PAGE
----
When it comes to cleaning a medusa piercing, be sure to clean both the inside and the outside. For the outside, Pierced recommends irrigating the piercing with sterile saline and cleaning it with mild, alcohol- and scent-free soap. For the inside, rinse after every meal with non-alcoholic mouthwash and use a new toothbrush after the procedure. Otherwise, keep the philtrum clean as normal for the first six to 12 weeks.

How long does it take for a medusa piercing to heal?

Depending on what type of piercing you get, there are different healing times. For a medusa piercing, it will take between eight and 12 weeks to fully heal depending on how well you take care of it, according to Healthline

There are many steps to properly caring for your piercing. This includes washing your hands before cleaning it, using a sterile saline solution at least twice a day, using a new toothbrush as needed, keeping your toothbrush clean, and practicing oral hygiene. It is recommended that you stick to soft foods (nothing too spicy or hot) to help reduce swelling, and also avoid alcohol or smoking.

Now that you know how to take care of your new piercing, there are some things you should avoid completely. First, avoid chewing anything that could create bacteria in the area of your piercing, like gum, or putting your fingers in your mouth. Avoid kissing and oral sex, and don't share cups or utensils with other people. Fresh Trends recommends that you watch out for any swelling, refrain from touching your jewelry often, keep the piercing as dry as possible, avoid using makeup on and around the piercing, and be careful while brushing your teeth.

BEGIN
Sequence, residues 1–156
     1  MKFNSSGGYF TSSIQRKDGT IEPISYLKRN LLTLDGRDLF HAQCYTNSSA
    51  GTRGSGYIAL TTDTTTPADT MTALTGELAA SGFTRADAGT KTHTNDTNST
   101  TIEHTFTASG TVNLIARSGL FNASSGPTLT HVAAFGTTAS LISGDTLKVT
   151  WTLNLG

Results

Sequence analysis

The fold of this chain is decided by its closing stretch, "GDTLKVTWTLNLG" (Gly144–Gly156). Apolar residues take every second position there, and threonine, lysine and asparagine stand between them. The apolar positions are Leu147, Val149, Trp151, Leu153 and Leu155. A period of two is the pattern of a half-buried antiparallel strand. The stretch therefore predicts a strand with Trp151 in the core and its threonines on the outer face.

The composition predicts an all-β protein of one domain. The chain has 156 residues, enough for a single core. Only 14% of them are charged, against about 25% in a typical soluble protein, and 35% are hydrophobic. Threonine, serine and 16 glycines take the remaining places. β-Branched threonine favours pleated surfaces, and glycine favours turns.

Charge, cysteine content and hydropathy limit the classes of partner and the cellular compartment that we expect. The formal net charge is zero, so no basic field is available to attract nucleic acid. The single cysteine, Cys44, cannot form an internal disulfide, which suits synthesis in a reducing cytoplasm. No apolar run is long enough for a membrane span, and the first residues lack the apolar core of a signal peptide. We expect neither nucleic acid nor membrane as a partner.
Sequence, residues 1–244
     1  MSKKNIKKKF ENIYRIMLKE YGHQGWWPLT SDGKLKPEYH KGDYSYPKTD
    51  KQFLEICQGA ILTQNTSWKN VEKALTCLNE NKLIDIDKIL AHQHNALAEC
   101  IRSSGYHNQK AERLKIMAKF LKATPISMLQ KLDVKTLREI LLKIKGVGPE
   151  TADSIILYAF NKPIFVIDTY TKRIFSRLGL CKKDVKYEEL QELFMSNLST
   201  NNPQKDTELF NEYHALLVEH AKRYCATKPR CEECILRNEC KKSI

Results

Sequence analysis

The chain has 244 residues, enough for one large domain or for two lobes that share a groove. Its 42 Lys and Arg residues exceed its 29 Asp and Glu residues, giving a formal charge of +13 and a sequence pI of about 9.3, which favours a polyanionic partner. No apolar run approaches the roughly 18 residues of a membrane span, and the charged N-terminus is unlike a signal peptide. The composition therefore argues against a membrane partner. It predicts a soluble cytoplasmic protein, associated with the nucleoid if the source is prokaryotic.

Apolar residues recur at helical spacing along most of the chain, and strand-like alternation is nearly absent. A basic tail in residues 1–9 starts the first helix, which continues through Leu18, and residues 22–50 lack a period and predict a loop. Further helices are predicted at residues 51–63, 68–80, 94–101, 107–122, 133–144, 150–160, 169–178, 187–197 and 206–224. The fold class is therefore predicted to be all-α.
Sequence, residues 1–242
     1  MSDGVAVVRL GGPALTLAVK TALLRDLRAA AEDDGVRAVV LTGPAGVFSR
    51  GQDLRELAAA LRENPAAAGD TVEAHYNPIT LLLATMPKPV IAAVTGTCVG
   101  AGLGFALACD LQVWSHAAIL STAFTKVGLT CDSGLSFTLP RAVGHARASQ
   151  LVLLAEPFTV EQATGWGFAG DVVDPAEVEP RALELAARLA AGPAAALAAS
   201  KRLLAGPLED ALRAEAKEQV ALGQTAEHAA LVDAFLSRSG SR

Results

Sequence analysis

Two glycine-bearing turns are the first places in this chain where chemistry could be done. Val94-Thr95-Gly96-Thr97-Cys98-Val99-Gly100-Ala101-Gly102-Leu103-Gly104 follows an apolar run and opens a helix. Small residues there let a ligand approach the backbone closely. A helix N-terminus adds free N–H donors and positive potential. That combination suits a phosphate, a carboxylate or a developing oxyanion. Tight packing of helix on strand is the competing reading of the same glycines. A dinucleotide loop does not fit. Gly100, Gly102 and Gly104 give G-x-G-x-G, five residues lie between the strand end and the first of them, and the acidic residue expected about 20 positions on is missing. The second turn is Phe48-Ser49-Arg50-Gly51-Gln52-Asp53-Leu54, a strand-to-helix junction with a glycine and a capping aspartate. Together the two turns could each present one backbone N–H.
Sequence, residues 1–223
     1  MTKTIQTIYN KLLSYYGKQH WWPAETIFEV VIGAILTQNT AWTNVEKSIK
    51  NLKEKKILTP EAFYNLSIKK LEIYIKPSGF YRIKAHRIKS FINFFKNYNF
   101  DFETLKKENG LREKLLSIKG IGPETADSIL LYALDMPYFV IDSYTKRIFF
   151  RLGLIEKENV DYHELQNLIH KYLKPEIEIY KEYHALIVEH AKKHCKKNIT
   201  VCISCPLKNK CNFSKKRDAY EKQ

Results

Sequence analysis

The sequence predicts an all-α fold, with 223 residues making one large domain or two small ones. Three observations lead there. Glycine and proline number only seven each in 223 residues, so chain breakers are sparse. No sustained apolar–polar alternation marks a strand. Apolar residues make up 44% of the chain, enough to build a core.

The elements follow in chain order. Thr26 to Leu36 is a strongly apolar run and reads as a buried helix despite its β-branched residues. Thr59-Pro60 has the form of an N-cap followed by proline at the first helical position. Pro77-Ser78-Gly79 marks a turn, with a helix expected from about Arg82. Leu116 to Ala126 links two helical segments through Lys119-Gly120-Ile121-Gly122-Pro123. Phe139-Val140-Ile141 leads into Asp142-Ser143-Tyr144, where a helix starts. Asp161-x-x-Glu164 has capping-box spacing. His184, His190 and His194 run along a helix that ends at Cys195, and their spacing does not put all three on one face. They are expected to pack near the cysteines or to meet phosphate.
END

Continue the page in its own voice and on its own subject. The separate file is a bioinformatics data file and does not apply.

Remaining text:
How much will a medusa piercing cost?

Before booking your session, it is important to know that the price of a medusa piercing may vary depending on where you get it done. According to Pierced, the price can range from $40 to $80, with an additional cost for the jewelry selected. Be cautious of studios offering too low of a price for this piercing, as it can possibly increase the risk of infection if it's not done properly or with the right tools. Since this piercing is performed near a location that is prone to bacteria, you don't want to pay for a session that is not performed by a professional (via Fresh Trends). 

Take some time to research some of the best piercing providers in your area to get an idea of how much you can expect to spend on the session, verify that the studio looks clean, and confirm the experience and qualifications of the piercer.

Will a medusa piercing hurt your teeth?